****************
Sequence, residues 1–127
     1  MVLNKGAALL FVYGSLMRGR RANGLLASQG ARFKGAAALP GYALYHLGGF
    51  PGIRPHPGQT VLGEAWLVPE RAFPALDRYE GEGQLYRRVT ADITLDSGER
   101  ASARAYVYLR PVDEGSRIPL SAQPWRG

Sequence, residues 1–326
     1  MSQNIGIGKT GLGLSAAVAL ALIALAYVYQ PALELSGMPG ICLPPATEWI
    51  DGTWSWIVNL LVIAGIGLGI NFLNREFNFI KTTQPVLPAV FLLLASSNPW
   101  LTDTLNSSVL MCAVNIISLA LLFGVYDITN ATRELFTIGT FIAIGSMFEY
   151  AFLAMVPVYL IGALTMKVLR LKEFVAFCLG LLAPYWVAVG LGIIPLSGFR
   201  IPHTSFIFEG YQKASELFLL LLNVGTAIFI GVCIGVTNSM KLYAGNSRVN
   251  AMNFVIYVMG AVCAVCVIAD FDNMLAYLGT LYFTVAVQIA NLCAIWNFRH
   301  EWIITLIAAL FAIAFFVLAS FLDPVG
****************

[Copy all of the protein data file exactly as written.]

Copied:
Sequence, residues 1–127
     1  MVLNKGAALL FVYGSLMRGR RANGLLASQG ARFKGAAALP GYALYHLGGF
    51  PGIRPHPGQT VLGEAWLVPE RAFPALDRYE GEGQLYRRVT ADITLDSGER
   101  ASARAYVYLR PVDEGSRIPL SAQPWRG

Sequence, residues 1–326
     1  MSQNIGIGKT GLGLSAAVAL ALIALAYVYQ PALELSGMPG ICLPPATEWI
    51  DGTWSWIVNL LVIAGIGLGI NFLNREFNFI KTTQPVLPAV FLLLASSNPW
   101  LTDTLNSSVL MCAVNIISLA LLFGVYDITN ATRELFTIGT FIAIGSMFEY
   151  AFLAMVPVYL IGALTMKVLR LKEFVAFCLG LLAPYWVAVG LGIIPLSGFR
   201  IPHTSFIFEG YQKASELFLL LLNVGTAIFI GVCIGVTNSM KLYAGNSRVN
   251  AMNFVIYVMG AVCAVCVIAD FDNMLAYLGT LYFTVAVQIA NLCAIWNFRH
   301  EWIITLIAAL FAIAFFVLAS FLDPVG